Capital A Berhad (KLSE: CAPITALA) and AirAsia X Berhad (KLSE: AAX) became news headlines a few days back.
According to an article by The Edge, AirAsia X Bhd (AAX) is looking to acquire Capital A Bhd’s aviation arm through AirAsia Bhd (AAB) and AirAsia Aviation Group Ltd (AAGL).
As reported by The Edge, this surprise move is part of AAX’s bid to uplift its PN17 status. On paper, the move and reason seem justifiable. But when you think about it more, there are some questions that remain unanswered for this move.
1. Where will the money come from?
AAX is still in PN17.
Last year October, AAX’s external auditor Messrs Ernst & Young PLT (EY) expressed a disclaimer of opinion on its audited financial statements for the 18-month financial period that ended June 30, 2021.
Back then, when everything was still gloomy and uncertain, the basis and concerns of EY held ground. But now as airlines slowly flourished on the back of revenge traveling, the worst could be over.
However, even though AAX has charted a cash balance of RM79.5 million for its fifth quarter ending 30 September 2022, it would still take more than that to buy over AirAsia Bhd.
The aviation arm of Capital A locked in RM 1.6 billion of revenue for 3Q’22. That is more than 20x more than the amount AAX has on hand.
So where will the funds to purchase AirAsia Group come from?
2. What is the fair price to buy over AirAsia Group?
Even if AAX can miraculously raise capital, the next question in mind would be how much would it be fair to Capital A Berhad?
If you have an asset or a business that can bring in USD 1 million every year, you will not be selling it off for just USD 1 million.
Hence, it is more than certain to say that to buy AirAsia Group, AAX will definitely need to pay far more than RM 1.6 billion that AirAsia Group is able to earn.
So how much more is fair? And if its so much more, does AAX really have the capability to convince the banks or shareholders to do so?
3. What would be left of Capital A Berhad?
As much as the management would call themselves a “tech company” the numbers will always bring us back to reality.
You do not call a company that derives 88% of its revenue and almost all of its EBITDA from its aviation business a tech company.
The name might have changed. But Capital A Berhad is still an aviation-reliant company and business.
At least with borders opening and revenge traveling, its numbers were back in the black. The fear of becoming illiquid remains a lesser concern as of now.
However, by selling off its aviation business to AAX, what would become of Capital A Berhad?
A pure-tech company?
4. Can Capital A Berhad be a pure tech company?
It’s good to innovate and digitalize.
Suddenly after the pandemic, every company wants to be a tech company for their favorably steeper valuation.
But, to qualify and deserve rich valuations, what would the company be putting on the table?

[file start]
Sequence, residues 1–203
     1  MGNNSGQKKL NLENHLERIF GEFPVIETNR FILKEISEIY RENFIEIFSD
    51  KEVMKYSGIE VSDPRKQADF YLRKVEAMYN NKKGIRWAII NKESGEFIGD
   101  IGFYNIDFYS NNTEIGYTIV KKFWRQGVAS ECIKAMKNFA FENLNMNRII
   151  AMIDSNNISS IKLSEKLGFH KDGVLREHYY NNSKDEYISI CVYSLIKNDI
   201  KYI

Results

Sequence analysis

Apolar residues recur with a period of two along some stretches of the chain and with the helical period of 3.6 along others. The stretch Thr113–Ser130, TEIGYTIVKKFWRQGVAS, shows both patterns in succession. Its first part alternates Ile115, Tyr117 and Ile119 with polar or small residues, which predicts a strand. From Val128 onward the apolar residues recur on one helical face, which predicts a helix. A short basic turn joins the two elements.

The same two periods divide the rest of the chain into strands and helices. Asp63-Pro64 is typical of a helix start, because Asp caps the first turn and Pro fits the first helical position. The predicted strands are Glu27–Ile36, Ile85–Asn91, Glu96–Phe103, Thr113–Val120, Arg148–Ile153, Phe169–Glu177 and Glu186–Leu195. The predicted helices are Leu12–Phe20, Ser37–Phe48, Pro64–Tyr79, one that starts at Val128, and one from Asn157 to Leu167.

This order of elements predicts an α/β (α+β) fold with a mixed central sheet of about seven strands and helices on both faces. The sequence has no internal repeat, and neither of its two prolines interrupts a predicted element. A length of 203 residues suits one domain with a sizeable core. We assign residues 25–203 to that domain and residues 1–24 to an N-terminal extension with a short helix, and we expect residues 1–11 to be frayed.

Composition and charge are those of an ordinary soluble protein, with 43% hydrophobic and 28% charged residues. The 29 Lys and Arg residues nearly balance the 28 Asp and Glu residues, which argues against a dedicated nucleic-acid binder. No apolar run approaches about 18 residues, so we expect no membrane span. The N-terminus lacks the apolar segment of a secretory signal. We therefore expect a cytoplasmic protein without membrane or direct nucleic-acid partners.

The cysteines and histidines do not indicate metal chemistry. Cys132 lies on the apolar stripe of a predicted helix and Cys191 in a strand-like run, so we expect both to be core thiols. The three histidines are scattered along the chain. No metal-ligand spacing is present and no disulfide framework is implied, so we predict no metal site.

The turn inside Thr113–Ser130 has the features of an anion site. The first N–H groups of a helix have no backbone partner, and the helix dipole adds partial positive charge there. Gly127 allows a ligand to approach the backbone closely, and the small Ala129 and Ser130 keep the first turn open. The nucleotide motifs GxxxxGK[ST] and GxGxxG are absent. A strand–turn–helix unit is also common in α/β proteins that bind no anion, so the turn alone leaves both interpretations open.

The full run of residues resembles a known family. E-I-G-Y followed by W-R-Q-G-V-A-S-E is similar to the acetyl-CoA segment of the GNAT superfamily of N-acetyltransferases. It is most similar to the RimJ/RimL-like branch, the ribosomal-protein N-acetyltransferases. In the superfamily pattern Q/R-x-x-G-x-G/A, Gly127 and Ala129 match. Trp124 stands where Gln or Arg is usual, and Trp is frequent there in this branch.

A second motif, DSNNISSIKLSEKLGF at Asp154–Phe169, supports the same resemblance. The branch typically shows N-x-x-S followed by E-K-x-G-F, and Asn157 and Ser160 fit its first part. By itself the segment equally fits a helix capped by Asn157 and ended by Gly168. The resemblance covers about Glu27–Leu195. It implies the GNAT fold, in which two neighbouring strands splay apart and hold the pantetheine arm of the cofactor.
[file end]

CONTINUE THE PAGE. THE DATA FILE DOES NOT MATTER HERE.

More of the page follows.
The criteria and requirements to be a tech company have always been overestimated. But to look past all the noise, a great tech company is to create a foolproof, symbiotic ecosystem.
For example, Grab Holdings Limited (NASDAQ: GRAB) links a driver with a passenger, while profiting for every trip made.
Apple Inc (NASDAQ: AAPL) makes great phones and computers, while also designing the software or the app store marketplace. Not only do you need to pay more to own a phone made by Apple, but for any transactions done within the applications downloaded from App Store, Apple takes a cut of it as well.
We can all see the pivot and transformation that Capital A Berhad is trying to make. Become less of an aviation business. Offer financial solutions, or travel and tourism-related solutions.
But the thing is, even if the aviation business is miraculously sold off at too-good-to-be-true prices, Capital A Berhad is still reliant on the aviation business!
The Engineering & Teleport business still ties it back to aviation. And as for the SuperApp and BigPay, apart from competing head-to-head with other competitors in a similar sphere, users using their apps and payment solution still makes it reliant on aviation-related transactions as well.
Can AirAsia’s SuperApp carve out a sizable market share outside of travel?
That’s a tough nut to crack, and they are really playing catch up to other pioneers and first movers in every innovative step they take.
Though at first the suggestion of AAX buying out AirAsia Group seems plausible to help lift the company’s finances, it is in the end something easier said than done.
And knowing that both companies are actually sister companies, and both also share the same directors, it is impossible for the directors themselves to take a hit from either company falling short.
Even if the plan miraculously goes through, how much money is required to buyout the aviation business, and how Capital A would tread on without its core business, poses more questions than the solution of salvaging AAX.
Thus, we urged the shareholders of both companies to think deeper, and the management of both companies to really think this plan through without creating unnecessary volatility that in the end, results in unfavorable outcomes for both companies and the retail investors.
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